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Comment: Re: So ... (Score 1) 213

by Goldsmith (#47676529) Attached to: How to Maintain Lab Safety While Making Viruses Deadlier

Tissue culture is definitely a thing.

Does that mean it's the only way to gather that information? Would it be possible to develop alternate tools?

Look. Whether you like it or not, we are developing the measurement techniques and hardware that are going to make this antiquated approach to biology obsolete. Feel free to yell and scream while the field passes you by.

Comment: Re:So ... (Score 4, Insightful) 213

by Goldsmith (#47671717) Attached to: How to Maintain Lab Safety While Making Viruses Deadlier

It's not fair at all to link opposition to gain in function research to an "anti-science" mindset. You should be ashamed that you're resorting to that argument.

This is something which is seriously debated in the pages of serious journals, at scientific conferences and by government program managers. To link valid concerns to an "anti-science" crowd is political bullshit maneuvering.

There is a very real and valid cost/benefit analysis to be done on pursuing this work. As biology catches up to the physical sciences in scope and function, you're going to deal with the same issues we have dealt with (I am a physicist). One of those lessons is that scientists don't get to decide the purpose of our work. It doesn't matter what you write in your paper, or what the program manager tells you the purpose of the work is. It doesn't matter WHY someone does the work, all that matters is WHAT the work is. It's extremely naÃve to think an abstract in a research paper can properly define the purpose of a piece of research.

There are experiments and research paths we do not follow because the intellectual benefit does not outweigh the very real possibilities for misuse. You asked how you expect people to validate these hypothesis without the work? Take a page from physical science and learn to use computer modeling and limited experimental work in lieu of full studies. Do some tool development. Don't just throw up your hands and insist this is the only way. It's not.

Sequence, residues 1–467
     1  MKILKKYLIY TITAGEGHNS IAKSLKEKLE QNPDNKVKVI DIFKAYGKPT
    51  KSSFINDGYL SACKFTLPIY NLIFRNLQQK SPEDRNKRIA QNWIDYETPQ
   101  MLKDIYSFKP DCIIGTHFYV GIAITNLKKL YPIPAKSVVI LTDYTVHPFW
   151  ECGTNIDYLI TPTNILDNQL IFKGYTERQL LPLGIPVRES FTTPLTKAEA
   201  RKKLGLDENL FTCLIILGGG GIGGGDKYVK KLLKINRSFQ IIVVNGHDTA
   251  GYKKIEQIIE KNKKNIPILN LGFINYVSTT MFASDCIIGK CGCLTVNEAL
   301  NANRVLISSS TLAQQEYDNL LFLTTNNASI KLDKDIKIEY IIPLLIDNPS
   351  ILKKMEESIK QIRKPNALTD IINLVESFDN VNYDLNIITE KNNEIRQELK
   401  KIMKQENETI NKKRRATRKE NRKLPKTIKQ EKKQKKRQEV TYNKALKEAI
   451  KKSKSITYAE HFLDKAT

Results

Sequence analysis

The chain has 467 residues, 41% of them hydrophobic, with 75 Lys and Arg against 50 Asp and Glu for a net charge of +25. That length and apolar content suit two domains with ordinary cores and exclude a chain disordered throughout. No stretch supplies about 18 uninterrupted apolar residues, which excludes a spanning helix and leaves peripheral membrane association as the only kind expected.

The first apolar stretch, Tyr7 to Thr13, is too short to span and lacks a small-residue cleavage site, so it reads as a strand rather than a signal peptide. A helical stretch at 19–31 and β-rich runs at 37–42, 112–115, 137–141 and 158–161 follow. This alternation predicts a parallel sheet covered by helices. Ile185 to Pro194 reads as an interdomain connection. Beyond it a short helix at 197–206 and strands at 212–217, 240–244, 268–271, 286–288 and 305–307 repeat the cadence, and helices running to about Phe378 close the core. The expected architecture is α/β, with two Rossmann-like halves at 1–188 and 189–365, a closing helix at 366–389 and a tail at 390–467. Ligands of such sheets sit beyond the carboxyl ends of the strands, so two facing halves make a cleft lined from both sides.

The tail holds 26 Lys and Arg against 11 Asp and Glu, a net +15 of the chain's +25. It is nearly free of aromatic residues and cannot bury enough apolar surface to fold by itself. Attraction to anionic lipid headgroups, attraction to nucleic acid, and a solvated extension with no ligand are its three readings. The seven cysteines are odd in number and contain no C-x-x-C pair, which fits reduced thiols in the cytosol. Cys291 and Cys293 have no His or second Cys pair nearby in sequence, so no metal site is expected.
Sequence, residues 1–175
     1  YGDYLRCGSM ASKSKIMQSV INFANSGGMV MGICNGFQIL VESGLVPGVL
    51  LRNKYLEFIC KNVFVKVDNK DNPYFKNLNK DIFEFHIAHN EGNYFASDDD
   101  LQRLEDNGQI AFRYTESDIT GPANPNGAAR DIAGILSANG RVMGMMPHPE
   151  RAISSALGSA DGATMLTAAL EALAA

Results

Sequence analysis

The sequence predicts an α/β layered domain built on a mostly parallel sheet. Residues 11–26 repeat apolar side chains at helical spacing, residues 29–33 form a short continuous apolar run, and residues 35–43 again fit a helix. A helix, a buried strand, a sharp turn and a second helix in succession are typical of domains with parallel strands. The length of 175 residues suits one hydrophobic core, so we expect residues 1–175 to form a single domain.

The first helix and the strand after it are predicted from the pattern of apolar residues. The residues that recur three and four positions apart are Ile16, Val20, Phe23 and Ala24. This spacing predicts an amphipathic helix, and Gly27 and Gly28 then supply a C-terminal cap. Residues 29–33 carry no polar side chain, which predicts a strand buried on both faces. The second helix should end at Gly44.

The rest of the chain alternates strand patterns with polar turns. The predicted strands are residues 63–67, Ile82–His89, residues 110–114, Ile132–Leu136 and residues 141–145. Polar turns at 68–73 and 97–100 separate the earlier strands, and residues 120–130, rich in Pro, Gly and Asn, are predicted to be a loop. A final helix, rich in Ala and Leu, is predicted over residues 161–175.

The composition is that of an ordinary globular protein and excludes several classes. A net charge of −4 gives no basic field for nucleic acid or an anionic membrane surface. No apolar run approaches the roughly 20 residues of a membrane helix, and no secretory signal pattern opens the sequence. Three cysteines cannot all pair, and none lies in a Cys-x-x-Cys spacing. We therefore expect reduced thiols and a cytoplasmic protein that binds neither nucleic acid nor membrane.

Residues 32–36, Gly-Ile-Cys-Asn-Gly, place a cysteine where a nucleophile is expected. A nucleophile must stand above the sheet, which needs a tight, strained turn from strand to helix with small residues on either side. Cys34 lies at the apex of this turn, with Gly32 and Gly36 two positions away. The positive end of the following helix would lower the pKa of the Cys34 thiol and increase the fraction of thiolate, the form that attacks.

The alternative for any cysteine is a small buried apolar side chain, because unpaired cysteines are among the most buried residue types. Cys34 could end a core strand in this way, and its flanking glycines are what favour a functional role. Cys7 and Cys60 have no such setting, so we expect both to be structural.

This will require a cultural change, and there will be lots of hand-wringing over whether new results are valid, but biology will be a more mature field for it.

Comment: not the clothes (Score 3, Insightful) 165

I've worked for the government in a scientific job, with a lot of IT folks. It was probably the most relaxed atmosphere I've worked in. No expectation to dress better than business casual. No expectation to work overtime. No expectation to really get anything done.

It's that last one that's really the killer. If you're not focused on getting projects done, first and foremost, then you're not going to attract good people.

A good engineer isn't necessary when the jobs at a government office survive only by making the right political and budgetary statements at precisely the right times. With very few exceptions, technical success or failure just doesn't have much influence on your career in the government.

Lastly, 140 engineers will make no difference. The federal government is huge. The office I worked in was a backwater, nearly forgotten location. We had a staff of 5000 people, about half of them engineers and scientists. There are thousands of engineers in the government right now who would love to work on meaningful projects. It's not a lack of talent or manpower that keeps those projects from happening.